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Que(e)ries: What Do We Expect from Lesbian Films?

Que(e)ries: What Do We Expect from Lesbian Films?

Last week, two separate events begged the question:  What do we expect from lesbian films?  The two situations raise more questions than answers, but both warrant further examination.

The first scenario was a lecture at NYU by film critic B. Ruby Rich — one of the many events that came with the publication of her quite amazing collection of essays, reviews and articles about queer cinema before, during and after the early 1990’s movement she named, New Queer Cinema.

The introduction to “New Queer Cinema: The Directors Cut” — a book long in the making —  explains the four factors that Rich thinks came to shape the movement into the productively transgressive cultural movement it was:  Reagan, AIDS, (Sony) camcorders, and cheap rent.  After eight years, Reagan ran out of Presidential terms, AIDS became less of a political priority in the gay movement, a new line of prosumer filmmaking technology has come to dominate the cheaper end of filmmaking, and rent has become a huge problem for artists without wealth.

In the time since Rich coined the term, too, the “independent” film industry has exploded and there are more venues for the projects than LGBT film festivals, which are clearly trying to find out the best way to transition with the changes in the industry.

Rich spends the end of the book questioning whether or not the term still has valence; the book proposes New Trans Cinema (“By Hook or By Crook,” “Wildness”) has the contemporary hotbed for the most cutting edge storytelling.  But her lecture also ended with the possibility that Stacie Passon’s “Concussion,” produced by New Queer Cinema stalwart Rose Troche (who was in the audience), may be an example of an energy and sensibility akin to New Queer Cinema in a contemporary lesbian film.  

But, she asked, will Abdellatif Kechiche’s intensely discussed Cannes Palme D’Or winner “Blue Is the Warmest Color” — which has gotten lots of press as a result of its steamy sex scene — outshine Passon’s film, which challenges well-worn conceptions of sex as it presents a middle-class married white lesbian who, after being hit in the head by a baseball, enters sex work?  For Rich, it seems, both films are worthy of attention, but “Blue” is getting attention more for its sex scenes than for its treatment of class.  And “Concussion” may not get the attention it deserves.

READ MORE: Heroines of Cinema: ‘Blue is the Warmest Color’ and the Real Problem With Male Filmmakers and Female Sexuality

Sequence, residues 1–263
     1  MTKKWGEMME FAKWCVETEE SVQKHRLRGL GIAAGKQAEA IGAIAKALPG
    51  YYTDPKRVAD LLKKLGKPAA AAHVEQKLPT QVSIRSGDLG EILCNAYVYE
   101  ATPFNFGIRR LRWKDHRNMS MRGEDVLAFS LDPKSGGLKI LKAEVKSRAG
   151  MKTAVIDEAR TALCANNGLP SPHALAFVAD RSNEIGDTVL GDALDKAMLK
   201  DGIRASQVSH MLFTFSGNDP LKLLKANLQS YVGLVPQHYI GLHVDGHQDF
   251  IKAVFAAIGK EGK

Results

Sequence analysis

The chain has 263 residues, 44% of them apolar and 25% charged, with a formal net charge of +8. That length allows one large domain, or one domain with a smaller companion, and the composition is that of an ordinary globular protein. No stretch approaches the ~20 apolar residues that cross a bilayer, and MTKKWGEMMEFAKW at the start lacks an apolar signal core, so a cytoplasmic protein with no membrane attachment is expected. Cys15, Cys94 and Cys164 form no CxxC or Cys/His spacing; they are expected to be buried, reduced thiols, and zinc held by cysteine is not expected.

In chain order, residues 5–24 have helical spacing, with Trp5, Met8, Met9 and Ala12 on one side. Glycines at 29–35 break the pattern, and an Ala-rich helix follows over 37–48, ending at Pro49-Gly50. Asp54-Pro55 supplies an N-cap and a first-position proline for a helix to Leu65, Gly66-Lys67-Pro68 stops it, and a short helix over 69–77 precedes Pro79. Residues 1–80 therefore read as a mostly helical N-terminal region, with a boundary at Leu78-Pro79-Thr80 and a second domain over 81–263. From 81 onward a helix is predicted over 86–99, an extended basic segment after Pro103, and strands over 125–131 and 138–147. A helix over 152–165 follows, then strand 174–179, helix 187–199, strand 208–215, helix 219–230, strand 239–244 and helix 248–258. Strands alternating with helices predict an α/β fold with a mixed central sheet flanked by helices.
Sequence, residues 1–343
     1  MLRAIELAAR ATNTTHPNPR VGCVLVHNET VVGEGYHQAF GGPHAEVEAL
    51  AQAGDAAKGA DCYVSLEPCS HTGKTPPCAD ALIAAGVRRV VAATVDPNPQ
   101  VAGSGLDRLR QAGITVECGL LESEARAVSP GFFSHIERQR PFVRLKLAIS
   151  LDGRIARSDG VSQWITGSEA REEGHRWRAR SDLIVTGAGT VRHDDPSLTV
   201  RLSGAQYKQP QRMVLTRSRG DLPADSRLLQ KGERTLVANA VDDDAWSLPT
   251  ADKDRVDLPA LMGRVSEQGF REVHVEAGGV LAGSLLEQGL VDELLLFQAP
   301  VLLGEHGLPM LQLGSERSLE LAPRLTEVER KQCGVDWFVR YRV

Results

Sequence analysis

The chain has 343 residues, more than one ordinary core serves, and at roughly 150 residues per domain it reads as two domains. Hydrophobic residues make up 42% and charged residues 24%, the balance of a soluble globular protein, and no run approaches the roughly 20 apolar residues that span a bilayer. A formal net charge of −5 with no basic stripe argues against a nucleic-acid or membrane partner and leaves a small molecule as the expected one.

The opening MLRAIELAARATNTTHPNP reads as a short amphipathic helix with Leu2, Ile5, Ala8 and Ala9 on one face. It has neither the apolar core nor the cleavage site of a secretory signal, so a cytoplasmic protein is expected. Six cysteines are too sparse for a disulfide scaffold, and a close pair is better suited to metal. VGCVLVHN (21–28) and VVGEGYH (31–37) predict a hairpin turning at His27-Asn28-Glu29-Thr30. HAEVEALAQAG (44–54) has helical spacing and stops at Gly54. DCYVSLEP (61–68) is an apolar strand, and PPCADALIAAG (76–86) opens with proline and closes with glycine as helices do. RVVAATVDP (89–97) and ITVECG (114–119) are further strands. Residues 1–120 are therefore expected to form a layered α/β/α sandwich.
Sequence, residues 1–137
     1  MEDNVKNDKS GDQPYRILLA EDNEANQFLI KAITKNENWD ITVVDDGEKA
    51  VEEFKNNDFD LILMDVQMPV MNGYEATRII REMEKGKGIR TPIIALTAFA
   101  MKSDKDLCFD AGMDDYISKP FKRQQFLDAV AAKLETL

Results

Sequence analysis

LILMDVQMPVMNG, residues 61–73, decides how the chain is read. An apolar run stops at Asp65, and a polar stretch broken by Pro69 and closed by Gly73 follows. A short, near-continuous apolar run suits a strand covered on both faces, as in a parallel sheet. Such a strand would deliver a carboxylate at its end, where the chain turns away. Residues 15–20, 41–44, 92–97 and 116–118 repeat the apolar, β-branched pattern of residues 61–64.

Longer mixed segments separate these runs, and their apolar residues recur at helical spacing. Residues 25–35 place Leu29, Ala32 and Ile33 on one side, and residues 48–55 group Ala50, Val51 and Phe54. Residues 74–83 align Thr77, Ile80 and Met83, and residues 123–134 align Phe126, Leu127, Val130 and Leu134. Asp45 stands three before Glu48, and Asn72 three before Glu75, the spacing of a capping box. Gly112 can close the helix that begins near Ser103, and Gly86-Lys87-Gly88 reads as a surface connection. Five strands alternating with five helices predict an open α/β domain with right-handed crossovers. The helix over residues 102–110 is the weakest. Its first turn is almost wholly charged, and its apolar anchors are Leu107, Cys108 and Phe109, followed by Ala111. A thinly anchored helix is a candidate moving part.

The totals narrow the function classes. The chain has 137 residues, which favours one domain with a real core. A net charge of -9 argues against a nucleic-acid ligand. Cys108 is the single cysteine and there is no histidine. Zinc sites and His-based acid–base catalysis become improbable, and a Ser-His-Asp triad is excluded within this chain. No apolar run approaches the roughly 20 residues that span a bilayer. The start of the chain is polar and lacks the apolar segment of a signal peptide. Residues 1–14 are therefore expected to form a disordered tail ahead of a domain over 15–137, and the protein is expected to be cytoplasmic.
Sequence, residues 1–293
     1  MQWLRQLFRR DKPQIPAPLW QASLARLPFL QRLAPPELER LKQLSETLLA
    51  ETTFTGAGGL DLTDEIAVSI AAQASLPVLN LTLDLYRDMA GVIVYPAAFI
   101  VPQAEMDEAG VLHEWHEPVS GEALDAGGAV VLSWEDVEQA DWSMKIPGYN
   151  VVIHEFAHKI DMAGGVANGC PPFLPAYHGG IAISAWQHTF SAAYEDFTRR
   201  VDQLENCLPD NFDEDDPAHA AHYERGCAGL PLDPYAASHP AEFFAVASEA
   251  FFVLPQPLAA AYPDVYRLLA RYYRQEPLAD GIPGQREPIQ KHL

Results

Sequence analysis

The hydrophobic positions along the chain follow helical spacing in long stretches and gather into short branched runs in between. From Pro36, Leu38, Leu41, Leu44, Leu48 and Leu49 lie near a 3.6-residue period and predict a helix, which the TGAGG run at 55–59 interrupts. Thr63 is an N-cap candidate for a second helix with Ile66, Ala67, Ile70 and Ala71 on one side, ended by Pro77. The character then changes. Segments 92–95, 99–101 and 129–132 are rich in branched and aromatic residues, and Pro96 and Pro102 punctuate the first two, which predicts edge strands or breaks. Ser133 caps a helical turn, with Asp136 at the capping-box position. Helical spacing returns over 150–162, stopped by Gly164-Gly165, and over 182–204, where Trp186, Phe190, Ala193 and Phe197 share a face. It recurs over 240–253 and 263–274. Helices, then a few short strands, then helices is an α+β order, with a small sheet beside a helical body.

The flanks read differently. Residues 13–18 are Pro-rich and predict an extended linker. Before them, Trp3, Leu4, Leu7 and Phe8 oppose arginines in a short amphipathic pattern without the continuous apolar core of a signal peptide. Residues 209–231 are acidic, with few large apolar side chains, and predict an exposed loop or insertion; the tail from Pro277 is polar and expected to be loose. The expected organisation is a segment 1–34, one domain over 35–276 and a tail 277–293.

After debuting at Sundance, “Concussion” opened in theaters earlier this month to just $8,000 in box office receipts in its opening weekend on two theaters.  RADiUS-TWC is releasing the film simultaneously in theaters and digitally (and though its box office receipts have been minimal, it’s notably been high on the iTunes indie charts for the past two weeks).

After winning Cannes, “Blue is the Warmest Color” went on to screen last week at the New York Film Festival also at the Film Society of Lincoln Center.  The film will be released by Sundance Selects on October 25 in the US.  

After the film’s press screening at the festival, Kechiche was asked earnestly, “Given that the film was considered eligible for the Queer Palme at Cannes, I wonder how you feel about Queer Cinema as a label.  And in that context, I wonder if there are films, particularly films by lesbian filmmakers that you consider as forebears or antecedents for this film?”

The press stops for the “Blue” team have led to some unexpected headlines.  At a Los Angeles press conference, the film’s lead actresses and crew members complained about Kechiche’s treatment of them on set and he later responded (See that whole saga here.).    Kechiche went on to say that the film shouldn’t be released because of all the controversy surrounding the film.  He then corrected that statement in an interview with our own Eric Kohn.  

But Kechiche’s answer to the film’s queer genealogy was mystifying (or maybe just very French?):

Kechiche: What’s the name of that film with Charlton Heston?  

NYFF programmer Kent Jones: “Ben Hur”?

Kechiche: I saw “Ben Hur.”  I’m going to tell you an anecdote about “Ben Hur.”  Since Charlton Heston didn’t want to accept certain directions from the filmmaker….It’s a really nice anecdote…The actor playing opposite him…He said to the actor playing Charlton Heston’s childhood friend [Stephen Boyd], he said to him “Okay, I can’t tell him, but when you look into his eyes, I want to you to look at him remembering that you two had a homosexual affair when you were adolescents.  And you have to make him feel that when you look at him.”  But he could of course not tell Charlton Heston.  But Charlton Heston was very uncomfortable, very embarrassed by his partner’s look.  There was really the impression at that point that something had gone on during their adolescence.  That’s an example of a movie that I saw in answer to your question.  

[laughter from the audience]

With “Blue is the Warmest Color” and “Concussion,” the film world has two worthy films with very different relationships to “queer cinema” or “lesbian cinema.”  Are either, both or neither a part of a New New Queer Cinema movement?  Perhaps, as with many of the new observations in Rich’s book, only time and distance will tell.

Bryce J. Renninger has been a regular contributor to Indiewire since 2009, as well as a prominent academic and film festival programmer. He is the guest columnist on this week’s “Que(e)ries,” a weekly LGBT-focused column here at Indiewire run by
Senior Writer Peter Knegt.

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